He contrasts this with another founder whose controversial values included creating a fun workplace, yet grew the business to $8 billion in revenue:

I kept saying that our values were not responsible for the run-up in our share price and should not be blamed for any downturns in the future.

Which leads Joel to:

I can't say that creating a company where everyone is happy is something that will make us more successful, and I can't say that being fully transparent about revenues, user numbers, salaries and other details helps us grow faster than other companies. The point is that our values should hold true in either case, and we should stand by them.

Values aren't independent to the key choices though. Principled decisions connect values to choices, and speed up decision-making.

For example, when Buffer was hacked, they responded quickly and transparently, and they were lauded for it. Joel refers to Buffer's core cultural values: Happiness and Positivity; and Defaulting to Transparency.

In my experience with Founder-Centric, our startup training business, our consistent values have always been Do The Right Thing, Make Founders Better, Be Intellectually Honest, and Choose Work That Makes You Happy. We started by teaching for free, then when we wanted to teach full-time, we only charged for big workshops. By keeping a free option, we stayed true to Do The Right Thing. But we started to burn out from all the travel, so moved into curriculum design. Choose Work That Makes You Happy. This also made more time for the right workshops, conference talks, deeper research, and making our content freely accessible.

We can navigate our business through various stages because we stay true to our values. This hasn't been simple, because four partners need to agree each time! But each decision is far faster and easier because we refer to what we stand for.

What sort of entrepreneur are you anyway?

From my father's blog about wisdom:

The trouble with values is that they are all good.

Most people will swiftly agree with most of the high values of humankind: freedom, happiness, truth, respect, justice, equality, prudence, compassion, courage, modesty, patience, moderation, harmony, industry and so on; but ask them which is the most important and prevailing. You will suddenly find in the pattern the striking differences that tell fascists apart from communists and religious fanatics from tolerant free thinkers.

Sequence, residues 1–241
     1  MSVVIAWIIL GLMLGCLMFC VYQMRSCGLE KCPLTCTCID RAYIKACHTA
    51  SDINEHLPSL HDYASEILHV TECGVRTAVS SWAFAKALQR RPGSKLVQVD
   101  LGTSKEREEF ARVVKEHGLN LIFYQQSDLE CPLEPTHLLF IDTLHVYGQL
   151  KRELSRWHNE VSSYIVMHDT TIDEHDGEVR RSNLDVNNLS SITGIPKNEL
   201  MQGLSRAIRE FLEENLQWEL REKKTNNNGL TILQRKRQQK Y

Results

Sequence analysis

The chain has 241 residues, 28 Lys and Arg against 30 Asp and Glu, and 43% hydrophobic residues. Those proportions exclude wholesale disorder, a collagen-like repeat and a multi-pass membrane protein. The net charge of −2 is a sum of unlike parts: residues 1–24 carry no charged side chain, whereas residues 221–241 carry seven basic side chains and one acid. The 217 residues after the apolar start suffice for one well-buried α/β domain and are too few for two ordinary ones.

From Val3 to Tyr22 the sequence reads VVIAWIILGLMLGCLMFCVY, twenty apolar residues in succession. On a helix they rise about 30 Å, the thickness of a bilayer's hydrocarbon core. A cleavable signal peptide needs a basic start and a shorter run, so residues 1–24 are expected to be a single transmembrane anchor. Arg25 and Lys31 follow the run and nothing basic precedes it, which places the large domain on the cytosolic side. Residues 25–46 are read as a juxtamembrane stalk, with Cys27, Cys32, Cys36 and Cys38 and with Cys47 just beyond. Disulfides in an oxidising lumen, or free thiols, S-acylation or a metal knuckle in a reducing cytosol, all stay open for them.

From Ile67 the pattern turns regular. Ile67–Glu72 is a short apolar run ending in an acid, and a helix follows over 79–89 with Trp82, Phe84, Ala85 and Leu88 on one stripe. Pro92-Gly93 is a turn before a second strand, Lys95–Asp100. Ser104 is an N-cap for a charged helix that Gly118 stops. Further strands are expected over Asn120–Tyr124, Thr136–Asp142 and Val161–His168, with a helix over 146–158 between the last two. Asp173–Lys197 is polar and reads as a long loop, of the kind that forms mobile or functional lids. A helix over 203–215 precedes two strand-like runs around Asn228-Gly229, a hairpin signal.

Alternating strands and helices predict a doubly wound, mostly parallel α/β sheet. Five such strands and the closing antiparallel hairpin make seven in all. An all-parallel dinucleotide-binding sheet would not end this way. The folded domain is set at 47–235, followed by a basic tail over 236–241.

Bad people have no problem with good values. Irreconcilable opposites are made from the same handful of values representing goodness. It is the weight of each that differs.

The same is true for entrepreneurial values. Everyone but the most psychopathic entrepreneur will agree that a business should treat its employees well, shouldn't waste money, should create value, should generate returns for its shareholders, shouldn't kill people or make them ill, and so on.

And, more specifically in the tech startup world, a great many entrepreneurs will agree that startups should hire the best people they can, should iterate, should keep an eye on relevant metrics, should have automated test suites, should have automated deployments, should have backups of valuable user data, should be running on secure, well-administered servers, and so on. For B2B startups, everyone agrees that making sales, creating a good brand and building strong customer relationships are good things.

At the very least in public, very few entrepreneur will disagree with those values. But, as with the more generic human values, there is a world of difference in how each entrepreneur orders those values. Are backups more important than automated tests? Is saving money more important than implementing good metrics measurements? Is it ok to treat your employees harshly in the name of shareholder returns?

If you're going to work in someone else's business, it is wise to try and determine how they have ordered their values before doing so - this is why interviewing with people who work there already can be so important for the job seeker.

And, similarly, for yourself! What sort of entrepreneur are you (or will you be when you start your own business)?